Our teams are part of the school district and the 2 coaches and 2 mentors are teachers . Therefore we use school fleet vehicles. One is a 2007 Chevy midbus 14 passenger ( you don’t need a bus endorsement to drive it in MN) and the other is a 2015 ford transit 9 passenger van ( the space shuttle ) both are equipped to pull our 12 ft aluma enclosed trailer. The district has 14 fleet non bus vehicles. I, one of the team coaches am the automotive and other tech ed classes teacher. Therefore get certain privileges I am great full for.
We’re getting a trailer this year thanks to a new sponsorship. It will be a 2015 model enclosed cargo trailer (I’m not sure of the size or make yet, as the purchase isn’t under my control), owned and maintained by the school district, and we will still rely on school district fleet vehicles for towing it and for carrying students.
It would be used ~1-2 times per year for regional tournaments, in addition to any offseason events we may choose to compete in.
The decision was made because we were stuck with the choice of unbagging and disassembling the robot or leaving a student behind on the Thursday morning of our regional because there wasn’t enough space in the school district SUV. We didn’t want this to happen again, so some shop budget was reallocated for the trailer.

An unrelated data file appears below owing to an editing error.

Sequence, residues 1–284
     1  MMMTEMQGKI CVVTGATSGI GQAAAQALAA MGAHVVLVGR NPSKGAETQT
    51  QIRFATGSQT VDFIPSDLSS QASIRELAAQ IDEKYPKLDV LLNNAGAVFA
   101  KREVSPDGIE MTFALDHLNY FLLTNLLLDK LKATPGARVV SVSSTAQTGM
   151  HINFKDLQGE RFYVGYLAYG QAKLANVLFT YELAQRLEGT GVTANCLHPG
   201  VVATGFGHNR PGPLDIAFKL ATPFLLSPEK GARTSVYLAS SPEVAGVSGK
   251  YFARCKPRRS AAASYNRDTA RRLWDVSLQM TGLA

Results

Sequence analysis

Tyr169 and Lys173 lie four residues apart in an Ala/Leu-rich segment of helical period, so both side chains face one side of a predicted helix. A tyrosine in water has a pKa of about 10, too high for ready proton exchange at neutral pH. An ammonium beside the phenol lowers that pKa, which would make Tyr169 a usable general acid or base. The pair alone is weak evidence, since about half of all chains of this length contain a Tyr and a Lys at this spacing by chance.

I definitely share Marshall’s sentiment about putting some DECALS on it!
Torbots have some access to district vehicles. We’ve used a stakebed with a liftgate the last couple of years; for now the district has placed a small-ish box truck–also with a liftgate–that they weren’t using regularly at our service (with certain terms and conditions, as I recall).
As for the other, more technical items–I’m not in a position to be able to answer those.
Yes. Trailers are vehicles. They are taxed and tagged in many states the same way a car is.
Can you drive it without a truck or an SUV? No, but it’s still a team vehicle.
EDIT: Additionally, trailers have a lower cost and therefore a lower barrier to entry for many schools. It’s a great way to get the ball rolling and we’ve had a lot of luck with mentors and parents that have SUVs or trucks for towing them in the past (we’ve just been lacking in the trailer department). If you’re having a hard time convincing a school that a vehicle is a wise investment then try going the trailer route first.
Several years ago my team had a sponsorship deal with a local chevy dealer and we were cheaply leased a new suburban every year, the dealer then got tight in their budget and so the school district bought the one we had then and still use to pull the trailer. We share both truck and trailer with anyone in the district, in our case that is the county, but we have priority over anyone regardless of when we ask to use it. We do try to reserve them early so we are not pulling them out from under someone. Usually for students we load the suburban and rent additional vans for everyone else although the last time the whole team went somewhere we did use an activity bus because it was more economical.